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The performance question
The motivations for going with IP storage are as different as the organizations using the gear--but there are some constants. Performance was an issue for some companies. Most of the companies interviewed are using Gigabit Ethernet switches, network interface cards (NICs) and associated gear, and have put their IP traffic onto its own VLAN for both performance and security considerations.
The Denver Museum of Nature & Science's Wolfe says flat-out that "there's a performance hit if the network's really busy."
Other adopters, though, say they have no complaints on the performance side. Helen Chen, network researcher at Sandia National Laboratories, says she has seen peak performance of 180Mb/s over its IP network for a write function. "I believe iSCSI has the potential to deliver performance for scientific computing," she says. The lab has already proven that IP performs "as well as Fibre" in a local connection "if we tune it correctly."
The lab is also more interested in open-source solutions. On the hardware side, the problem is that "you can't tune hardware very easily" to do things like increase the distance between initiator and target, Chen says. "So, we used the software stack in the Linux host to modify parameters," including iSCSI command size, TCP/IP window size, etc. "We want to open up the parameters so we can fill up a big, fat pipe between two remote locations," she says. "We're
PBS, Alexandria, VA, uses a StoneFly IP concentrator to network the storage for the applications that don't require the highest bandwidth provided by its other SAN, based on FC. They're "quite pleased" with IP's performance, but Ken Walters, senior director of enterprise platforms, emphasizes that not all applications are natural fits for iSCSI. "I use it for equipment used for development work, and on machines that aren't critical or that don't have massive I/O requirements." These are applications that "I can't cost-justify connecting to my Fibre SAN," he says.
And so, he says, PBS is starting to provide iSCSI storage where they really need it. Some of the applications connected via the StoneFly device are a Linux box that processes the logs from the PBS Web site and a SQL Server cluster that's a development environment for an internal PBS user. Walters' group recently received an iSCSI cluster router from StoneFly. "I wanted to get clustering set up before I handed out a lot more storage because I didn't want a single point of failure," he says.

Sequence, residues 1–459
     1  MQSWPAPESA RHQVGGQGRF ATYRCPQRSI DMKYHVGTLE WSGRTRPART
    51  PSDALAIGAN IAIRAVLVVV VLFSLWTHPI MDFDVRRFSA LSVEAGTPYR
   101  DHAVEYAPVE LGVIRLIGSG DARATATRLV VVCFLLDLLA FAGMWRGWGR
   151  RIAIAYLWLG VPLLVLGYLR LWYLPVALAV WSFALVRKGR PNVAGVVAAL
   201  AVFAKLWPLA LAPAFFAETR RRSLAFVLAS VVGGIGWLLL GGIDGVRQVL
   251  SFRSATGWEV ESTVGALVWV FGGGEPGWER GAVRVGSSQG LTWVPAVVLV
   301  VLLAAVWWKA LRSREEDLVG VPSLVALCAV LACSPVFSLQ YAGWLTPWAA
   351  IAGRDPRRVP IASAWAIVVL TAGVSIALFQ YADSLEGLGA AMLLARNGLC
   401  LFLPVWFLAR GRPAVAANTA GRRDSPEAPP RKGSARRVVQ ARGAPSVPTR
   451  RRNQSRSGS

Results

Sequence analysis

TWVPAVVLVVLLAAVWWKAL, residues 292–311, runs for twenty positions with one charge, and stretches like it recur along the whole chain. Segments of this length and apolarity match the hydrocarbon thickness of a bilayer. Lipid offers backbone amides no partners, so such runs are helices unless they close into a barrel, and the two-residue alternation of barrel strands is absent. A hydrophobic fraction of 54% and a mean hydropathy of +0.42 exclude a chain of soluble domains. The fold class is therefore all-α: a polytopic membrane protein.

"So now, we'll start to provide iSCSI storage where appropriate." The organization uses the StoneFly Concentrators to stream all Real and Windows media from the Web site.
At Zenon Environmental in Ontario, Canada, Shawn Eveleigh, senior systems administrator, says he's happy with his PeerStorage setup from EqualLogic. He used utilities in Exchange that test how fast a disk subsystem performs. "Our total disk I/O speed was around 40 to 45Mb/s, and most of our systems will never get to that kind of load," he says. "That was forcing the server to go as fast as it possibly can. And the disk I/O kept up with that."
Designing for performance
Almost all the organizations we talked to are using standard-issue, out-of-the-box Gigabit Ethernet NICs, but PBS is an exception. The group is using a combination of regular NICs and cards that offload part of the IP and iSCSI processing load from the server. These include Intel Storage Network Interface Cards (SNICs) and TOE cards from Alacritech and other suppliers. "The offload does work as advertised," PBS' Walters says.
Which type of card he uses to hook up each server to the SAN depends on how much processing power the server has to deal with iSCSI's additional workload. "Much of our hardware is fairly new," he says, "with plenty of processing power. So, I use mostly regular NICs, for about $130, where SNICs are about $550 and TOEs are around $850."
There are some nitty-gritty things to consider for performance, too. Akil Woolfolk, network operations team lead at Atlanta-based mortgage lender HomeBanc, says they had to make registry changes to make sure SQL Server works well with iSCSI. "We had to do some configuration to create a dependency" to make sure the SQL Server wouldn't start before the iSCSI initiator was up and running," he says. Otherwise, the SQL Server will crash because some of the files it needs to see aren't present.
Also, Woolfolk and his team at HomeBanc figured it was wise to plan where to put each application's database associated log files. "That makes a difference in your implementation," he says. "We put the log files on the local disk, with the OS to help boot up storage. Then, we run the iSCSI initiator to connect the servers to the IP SAN."
HomeBanc is using EqualLogic's PeerStorage to host file services for more than 500 users, with more than 80% of its production SQL data on the IP SAN.
This was first published in April 2004